Health Dept. finds cancer rates high in Centereach, Farmingville & Selden

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The state Health Department met with Suffolk officials and residents in Stony Brook Tuesday night over concerns of high rates of cancer in three nearby communities.

Brad Hutton, the state's deputy commissioner for public health, says the department has discovered higher rates of four types of cancer in Centereach, Farmingville and Selden. An investigation into the cause kicked off Tuesday.

Gov. Andrew Cuomo had launched the special study, which found the rates of leukemia, lung, thyroid and bladder cancer are 40 to 60 percent higher in those neighborhoods. According to Hutton, the different cancers have varying causes.

Hutton says he met with Long Island elected officials and doctors Tuesday to discuss the findings. He says experts are looking at smoking rates in those communities, as well as environmental and occupational data "to see the extent to which there are exposure sources…that could help explain those higher rates."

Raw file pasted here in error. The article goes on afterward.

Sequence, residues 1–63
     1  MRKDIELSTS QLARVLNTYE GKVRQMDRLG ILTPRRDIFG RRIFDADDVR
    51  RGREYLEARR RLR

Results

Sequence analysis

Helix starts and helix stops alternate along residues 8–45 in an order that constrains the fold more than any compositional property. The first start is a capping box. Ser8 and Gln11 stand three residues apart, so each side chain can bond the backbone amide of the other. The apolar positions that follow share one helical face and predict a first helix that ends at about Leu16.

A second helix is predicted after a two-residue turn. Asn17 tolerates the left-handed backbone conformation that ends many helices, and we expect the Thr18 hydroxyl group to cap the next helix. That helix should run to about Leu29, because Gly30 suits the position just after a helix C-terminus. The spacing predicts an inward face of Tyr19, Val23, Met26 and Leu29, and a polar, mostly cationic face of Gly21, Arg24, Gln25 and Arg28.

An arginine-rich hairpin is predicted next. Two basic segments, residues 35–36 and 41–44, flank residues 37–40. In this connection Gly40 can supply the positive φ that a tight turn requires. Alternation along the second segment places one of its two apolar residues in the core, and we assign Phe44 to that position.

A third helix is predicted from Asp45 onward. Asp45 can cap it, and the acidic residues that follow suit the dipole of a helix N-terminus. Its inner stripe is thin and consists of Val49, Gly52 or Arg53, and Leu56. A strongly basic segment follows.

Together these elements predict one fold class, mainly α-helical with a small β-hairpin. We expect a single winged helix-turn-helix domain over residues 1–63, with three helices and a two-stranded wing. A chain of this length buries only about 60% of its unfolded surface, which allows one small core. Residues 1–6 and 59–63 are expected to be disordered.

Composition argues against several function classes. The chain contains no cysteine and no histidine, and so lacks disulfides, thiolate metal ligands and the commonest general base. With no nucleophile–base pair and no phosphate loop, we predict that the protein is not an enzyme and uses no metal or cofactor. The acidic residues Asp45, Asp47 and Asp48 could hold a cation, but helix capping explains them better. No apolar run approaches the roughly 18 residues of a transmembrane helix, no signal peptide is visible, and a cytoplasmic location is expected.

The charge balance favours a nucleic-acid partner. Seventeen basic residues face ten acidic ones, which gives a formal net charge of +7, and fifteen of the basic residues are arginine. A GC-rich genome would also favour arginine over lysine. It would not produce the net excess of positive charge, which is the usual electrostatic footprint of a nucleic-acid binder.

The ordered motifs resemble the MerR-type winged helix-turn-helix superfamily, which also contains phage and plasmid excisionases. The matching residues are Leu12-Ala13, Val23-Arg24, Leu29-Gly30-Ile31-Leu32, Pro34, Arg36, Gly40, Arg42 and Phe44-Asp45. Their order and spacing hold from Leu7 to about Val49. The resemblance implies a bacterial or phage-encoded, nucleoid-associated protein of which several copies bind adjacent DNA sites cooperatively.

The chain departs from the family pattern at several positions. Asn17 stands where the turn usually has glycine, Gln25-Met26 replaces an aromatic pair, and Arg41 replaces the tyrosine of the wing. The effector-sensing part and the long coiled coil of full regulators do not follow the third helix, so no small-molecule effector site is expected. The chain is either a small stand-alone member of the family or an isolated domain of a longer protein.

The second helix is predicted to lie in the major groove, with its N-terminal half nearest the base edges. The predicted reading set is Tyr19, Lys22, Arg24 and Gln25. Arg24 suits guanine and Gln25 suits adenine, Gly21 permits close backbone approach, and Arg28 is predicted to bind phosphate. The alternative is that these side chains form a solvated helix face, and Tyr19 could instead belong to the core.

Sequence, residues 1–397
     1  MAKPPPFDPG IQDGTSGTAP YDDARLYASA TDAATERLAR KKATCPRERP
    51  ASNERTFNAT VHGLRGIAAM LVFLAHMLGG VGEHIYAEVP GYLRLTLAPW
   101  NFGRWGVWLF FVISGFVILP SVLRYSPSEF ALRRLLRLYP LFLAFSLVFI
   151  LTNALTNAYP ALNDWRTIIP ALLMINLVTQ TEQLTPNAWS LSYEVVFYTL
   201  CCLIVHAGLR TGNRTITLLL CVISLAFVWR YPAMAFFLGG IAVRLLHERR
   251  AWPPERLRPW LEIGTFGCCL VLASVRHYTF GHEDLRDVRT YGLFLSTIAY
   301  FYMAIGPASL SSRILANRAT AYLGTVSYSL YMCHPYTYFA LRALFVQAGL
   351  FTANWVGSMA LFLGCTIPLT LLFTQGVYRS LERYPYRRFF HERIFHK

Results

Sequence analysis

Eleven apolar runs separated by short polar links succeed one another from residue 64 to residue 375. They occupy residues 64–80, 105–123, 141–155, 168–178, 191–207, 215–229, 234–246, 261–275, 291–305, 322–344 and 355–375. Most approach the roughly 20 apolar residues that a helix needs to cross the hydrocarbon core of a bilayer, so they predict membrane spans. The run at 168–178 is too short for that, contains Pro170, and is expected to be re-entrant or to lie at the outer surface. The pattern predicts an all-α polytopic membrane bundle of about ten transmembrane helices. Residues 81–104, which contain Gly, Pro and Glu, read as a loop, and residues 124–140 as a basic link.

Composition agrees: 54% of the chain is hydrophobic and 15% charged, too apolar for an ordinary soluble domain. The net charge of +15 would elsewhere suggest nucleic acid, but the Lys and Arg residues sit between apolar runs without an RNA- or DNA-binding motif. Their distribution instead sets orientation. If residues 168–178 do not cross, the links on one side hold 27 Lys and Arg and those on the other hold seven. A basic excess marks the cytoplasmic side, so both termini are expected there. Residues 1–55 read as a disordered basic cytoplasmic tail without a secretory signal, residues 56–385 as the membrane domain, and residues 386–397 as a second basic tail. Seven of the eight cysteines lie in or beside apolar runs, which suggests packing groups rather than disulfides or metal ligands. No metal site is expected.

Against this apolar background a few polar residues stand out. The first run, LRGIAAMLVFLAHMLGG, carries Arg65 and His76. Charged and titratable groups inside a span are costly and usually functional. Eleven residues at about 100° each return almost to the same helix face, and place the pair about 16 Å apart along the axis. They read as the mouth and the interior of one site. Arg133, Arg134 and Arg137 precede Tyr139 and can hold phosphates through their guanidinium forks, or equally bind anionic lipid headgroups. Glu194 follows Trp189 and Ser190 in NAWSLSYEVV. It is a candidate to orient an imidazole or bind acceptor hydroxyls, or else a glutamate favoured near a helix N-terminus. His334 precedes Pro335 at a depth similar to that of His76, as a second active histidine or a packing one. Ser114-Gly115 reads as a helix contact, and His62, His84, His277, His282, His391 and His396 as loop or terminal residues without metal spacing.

Dr. Yusuf Hannun, the director of the Stony Brook Cancer Center, says the state's findings are a call to action, if not cause for alarm.

"It's cause for A, vigilance," he says. "Be aware, stay up with what's going on...And B, let's put a larger effort into research, identifying the causes of cancer and preventing them."

Residents like Carol Montegari say they want to get to the bottom of the issue too.

"I live in Centereach," she says. "And I wanted to find out what the cause is and if it's related to the town."

State health officials say further investigation will take the rest of the year.

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